Given the choice, I went with the larger pot. This thing is huge. It's got to be up there with the largest pot Le Creuset makes. So what to do with such a massive Dutch oven?
Hungarian Goulash. Bet you didn't expect that.
Inspired by travel documentaries of Hungary, I decided to make something I have never attempted before. In fact, I've never actually had it before. I researched "authentic" recipes, but having found so many varieties of Magyar Gulyas I had to make my own recipe. Really, according to the internet, Goulash needs beef, potatoes and paprika only to make it authentic. The rest is up to you.
|New knife, too.|
Here it is:
1lb stew beef (like round steak, cut up.)
1 medium onion, chopped finely
1 large potato, cubed
2 large carrots, cut up
fresh parsley, about 1/2 cup
all the world's paprika*
*Note: I have no idea what kind of paprika I used. Honestly, there are sweet varieties and hot varieties but mine just says "paprika". I'm guessing it's not the hot kind because it's not spicy at all, so I used some cayenne for bite. I plan on finding out more about these things, and updating my recipe accordingly.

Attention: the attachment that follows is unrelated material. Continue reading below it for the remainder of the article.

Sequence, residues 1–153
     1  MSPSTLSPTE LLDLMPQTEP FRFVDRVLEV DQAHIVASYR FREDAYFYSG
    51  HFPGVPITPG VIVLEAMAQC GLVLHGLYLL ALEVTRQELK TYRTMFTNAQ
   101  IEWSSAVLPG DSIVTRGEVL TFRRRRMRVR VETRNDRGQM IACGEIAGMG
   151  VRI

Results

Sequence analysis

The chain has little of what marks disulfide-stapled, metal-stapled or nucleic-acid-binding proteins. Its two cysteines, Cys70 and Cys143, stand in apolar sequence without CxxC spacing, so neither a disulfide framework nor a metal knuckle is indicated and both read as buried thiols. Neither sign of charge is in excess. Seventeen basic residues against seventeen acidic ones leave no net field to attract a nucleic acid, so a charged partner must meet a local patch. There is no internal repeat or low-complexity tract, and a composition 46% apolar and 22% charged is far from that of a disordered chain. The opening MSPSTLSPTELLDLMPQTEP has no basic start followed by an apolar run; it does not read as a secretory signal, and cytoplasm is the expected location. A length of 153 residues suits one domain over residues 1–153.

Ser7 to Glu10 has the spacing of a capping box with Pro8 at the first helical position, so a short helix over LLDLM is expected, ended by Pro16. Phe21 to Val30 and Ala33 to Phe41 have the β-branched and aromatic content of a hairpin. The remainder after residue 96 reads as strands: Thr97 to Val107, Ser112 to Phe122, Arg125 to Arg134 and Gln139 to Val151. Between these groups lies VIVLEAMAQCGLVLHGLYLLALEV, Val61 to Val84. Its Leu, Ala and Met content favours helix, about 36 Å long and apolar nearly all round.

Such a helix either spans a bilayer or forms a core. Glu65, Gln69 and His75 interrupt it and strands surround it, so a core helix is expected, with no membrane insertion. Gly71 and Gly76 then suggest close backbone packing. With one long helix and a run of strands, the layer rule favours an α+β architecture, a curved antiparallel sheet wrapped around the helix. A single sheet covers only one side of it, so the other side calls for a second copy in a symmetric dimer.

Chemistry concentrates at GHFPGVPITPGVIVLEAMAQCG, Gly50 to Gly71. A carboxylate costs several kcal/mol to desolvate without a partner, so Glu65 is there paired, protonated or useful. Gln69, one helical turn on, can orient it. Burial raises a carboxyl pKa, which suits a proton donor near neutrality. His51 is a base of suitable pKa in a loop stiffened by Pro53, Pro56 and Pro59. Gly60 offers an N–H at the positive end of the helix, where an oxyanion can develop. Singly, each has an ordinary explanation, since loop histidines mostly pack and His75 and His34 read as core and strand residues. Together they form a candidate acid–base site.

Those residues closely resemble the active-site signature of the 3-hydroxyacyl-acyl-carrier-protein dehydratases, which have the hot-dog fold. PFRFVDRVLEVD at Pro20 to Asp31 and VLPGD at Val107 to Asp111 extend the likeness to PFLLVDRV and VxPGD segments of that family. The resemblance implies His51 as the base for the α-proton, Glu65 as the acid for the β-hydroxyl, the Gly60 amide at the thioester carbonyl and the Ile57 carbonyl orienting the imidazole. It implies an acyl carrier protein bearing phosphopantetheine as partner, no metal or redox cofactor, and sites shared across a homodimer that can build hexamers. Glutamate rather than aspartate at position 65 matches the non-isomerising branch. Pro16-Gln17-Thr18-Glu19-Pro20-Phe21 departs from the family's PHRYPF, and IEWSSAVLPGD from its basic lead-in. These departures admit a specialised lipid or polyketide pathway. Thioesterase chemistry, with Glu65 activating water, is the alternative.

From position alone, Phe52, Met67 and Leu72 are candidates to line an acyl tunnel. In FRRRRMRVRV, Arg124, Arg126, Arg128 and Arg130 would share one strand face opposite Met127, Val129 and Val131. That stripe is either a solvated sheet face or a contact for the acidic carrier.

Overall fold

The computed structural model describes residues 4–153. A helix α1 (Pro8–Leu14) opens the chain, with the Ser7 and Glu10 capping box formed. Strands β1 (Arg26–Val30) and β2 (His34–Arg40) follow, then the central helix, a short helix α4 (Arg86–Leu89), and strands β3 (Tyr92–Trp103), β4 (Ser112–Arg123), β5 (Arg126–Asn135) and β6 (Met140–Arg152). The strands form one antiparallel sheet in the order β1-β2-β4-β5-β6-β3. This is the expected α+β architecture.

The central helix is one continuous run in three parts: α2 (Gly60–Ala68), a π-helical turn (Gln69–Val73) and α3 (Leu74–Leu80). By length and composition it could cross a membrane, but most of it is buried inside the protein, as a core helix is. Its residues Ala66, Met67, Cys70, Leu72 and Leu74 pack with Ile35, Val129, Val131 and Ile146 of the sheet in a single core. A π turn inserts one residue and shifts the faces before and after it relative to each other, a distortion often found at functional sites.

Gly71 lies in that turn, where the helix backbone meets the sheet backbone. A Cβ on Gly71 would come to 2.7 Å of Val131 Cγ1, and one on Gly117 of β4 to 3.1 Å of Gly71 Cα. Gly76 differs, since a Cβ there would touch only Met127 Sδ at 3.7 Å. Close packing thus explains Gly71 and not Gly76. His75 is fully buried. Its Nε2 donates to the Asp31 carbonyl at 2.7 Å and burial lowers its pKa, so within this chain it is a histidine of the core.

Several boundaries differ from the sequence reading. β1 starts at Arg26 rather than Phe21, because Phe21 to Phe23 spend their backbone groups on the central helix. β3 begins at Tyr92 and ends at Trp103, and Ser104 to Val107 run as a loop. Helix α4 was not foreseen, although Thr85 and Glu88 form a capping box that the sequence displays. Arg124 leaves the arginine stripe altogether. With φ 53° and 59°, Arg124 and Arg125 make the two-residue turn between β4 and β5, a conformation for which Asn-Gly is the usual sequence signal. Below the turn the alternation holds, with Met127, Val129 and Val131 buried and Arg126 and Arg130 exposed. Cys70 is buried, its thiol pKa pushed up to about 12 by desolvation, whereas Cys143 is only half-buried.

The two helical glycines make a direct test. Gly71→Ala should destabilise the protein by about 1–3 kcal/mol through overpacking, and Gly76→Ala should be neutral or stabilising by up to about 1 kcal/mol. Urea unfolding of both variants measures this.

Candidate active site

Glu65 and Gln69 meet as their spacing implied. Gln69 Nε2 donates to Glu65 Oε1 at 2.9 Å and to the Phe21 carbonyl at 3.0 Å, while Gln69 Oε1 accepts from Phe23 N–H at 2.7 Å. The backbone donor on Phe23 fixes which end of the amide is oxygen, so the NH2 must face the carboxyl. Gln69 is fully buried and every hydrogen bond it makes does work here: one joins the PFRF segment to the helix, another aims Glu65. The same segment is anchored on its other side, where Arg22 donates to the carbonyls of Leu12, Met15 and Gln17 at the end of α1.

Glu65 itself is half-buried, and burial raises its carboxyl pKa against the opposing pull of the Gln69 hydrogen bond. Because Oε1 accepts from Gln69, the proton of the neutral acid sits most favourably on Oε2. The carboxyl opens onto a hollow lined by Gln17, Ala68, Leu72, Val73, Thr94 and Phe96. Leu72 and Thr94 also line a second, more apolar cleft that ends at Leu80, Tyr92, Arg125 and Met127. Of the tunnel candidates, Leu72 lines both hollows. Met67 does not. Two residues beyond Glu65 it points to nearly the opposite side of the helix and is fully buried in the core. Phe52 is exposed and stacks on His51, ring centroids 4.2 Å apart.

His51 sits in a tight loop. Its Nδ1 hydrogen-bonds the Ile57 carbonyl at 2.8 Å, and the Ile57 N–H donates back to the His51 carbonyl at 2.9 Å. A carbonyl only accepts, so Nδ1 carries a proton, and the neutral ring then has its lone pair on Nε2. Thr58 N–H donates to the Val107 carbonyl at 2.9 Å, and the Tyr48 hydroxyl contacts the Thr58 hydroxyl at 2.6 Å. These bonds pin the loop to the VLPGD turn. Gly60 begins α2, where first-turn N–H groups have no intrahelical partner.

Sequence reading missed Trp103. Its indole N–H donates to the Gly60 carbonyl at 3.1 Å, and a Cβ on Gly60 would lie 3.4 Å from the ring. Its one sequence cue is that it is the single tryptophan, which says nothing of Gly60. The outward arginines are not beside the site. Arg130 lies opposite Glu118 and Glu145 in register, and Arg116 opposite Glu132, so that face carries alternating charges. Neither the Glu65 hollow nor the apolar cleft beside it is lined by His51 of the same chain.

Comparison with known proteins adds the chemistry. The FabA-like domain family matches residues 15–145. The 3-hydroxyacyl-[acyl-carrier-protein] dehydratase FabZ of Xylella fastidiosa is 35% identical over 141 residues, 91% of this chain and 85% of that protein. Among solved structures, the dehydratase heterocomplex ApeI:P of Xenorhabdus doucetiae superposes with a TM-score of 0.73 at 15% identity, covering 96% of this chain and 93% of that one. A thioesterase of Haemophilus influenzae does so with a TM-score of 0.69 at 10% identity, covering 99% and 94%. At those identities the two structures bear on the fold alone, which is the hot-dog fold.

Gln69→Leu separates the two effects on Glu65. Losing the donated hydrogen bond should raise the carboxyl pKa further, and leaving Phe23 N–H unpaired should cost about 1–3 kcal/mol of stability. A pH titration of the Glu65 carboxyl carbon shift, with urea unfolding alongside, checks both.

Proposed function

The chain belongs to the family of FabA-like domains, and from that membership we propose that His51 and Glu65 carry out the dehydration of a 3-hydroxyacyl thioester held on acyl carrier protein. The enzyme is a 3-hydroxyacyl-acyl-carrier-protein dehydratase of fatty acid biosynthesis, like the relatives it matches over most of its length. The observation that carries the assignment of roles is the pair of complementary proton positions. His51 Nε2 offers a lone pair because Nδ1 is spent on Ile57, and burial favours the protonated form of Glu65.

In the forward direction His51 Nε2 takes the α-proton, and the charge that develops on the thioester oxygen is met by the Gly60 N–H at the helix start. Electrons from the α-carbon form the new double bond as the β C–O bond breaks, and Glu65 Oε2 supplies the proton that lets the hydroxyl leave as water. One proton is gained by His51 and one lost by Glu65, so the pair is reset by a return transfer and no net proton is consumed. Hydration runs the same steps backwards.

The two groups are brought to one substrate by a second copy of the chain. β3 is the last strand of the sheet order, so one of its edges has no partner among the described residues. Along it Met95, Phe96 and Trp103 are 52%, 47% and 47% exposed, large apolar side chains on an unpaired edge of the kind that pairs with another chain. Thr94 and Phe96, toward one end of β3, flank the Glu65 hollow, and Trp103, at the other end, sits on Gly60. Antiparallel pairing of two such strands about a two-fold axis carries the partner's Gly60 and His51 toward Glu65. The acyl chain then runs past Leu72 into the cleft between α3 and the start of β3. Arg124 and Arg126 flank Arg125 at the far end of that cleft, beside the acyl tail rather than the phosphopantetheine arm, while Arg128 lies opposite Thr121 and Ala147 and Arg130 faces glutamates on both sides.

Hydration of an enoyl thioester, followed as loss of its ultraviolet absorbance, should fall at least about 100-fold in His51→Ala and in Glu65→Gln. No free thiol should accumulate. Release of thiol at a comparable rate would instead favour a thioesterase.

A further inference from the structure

Sautee the onion in butter or oil until soft but not brown. Add about...3 tablespoons of paprika. Add the beef to brown it.
Once your beef is brown, add the stock, some of the parsley, salt and pepper to taste. Simmer this for at least an hour, but if you can manage two hours your beef should be really tender. Then add the potatoes and carrots (and the rest of the parsley) and cook for about 30 minutes. Check the taste to see if you need to add anything. The broth should be brownish-red and kind of awkwardly thick with paprika.
It's really good. I was also urged not to serve it with any kind of noodles since the potatoes are going to carb you up enough.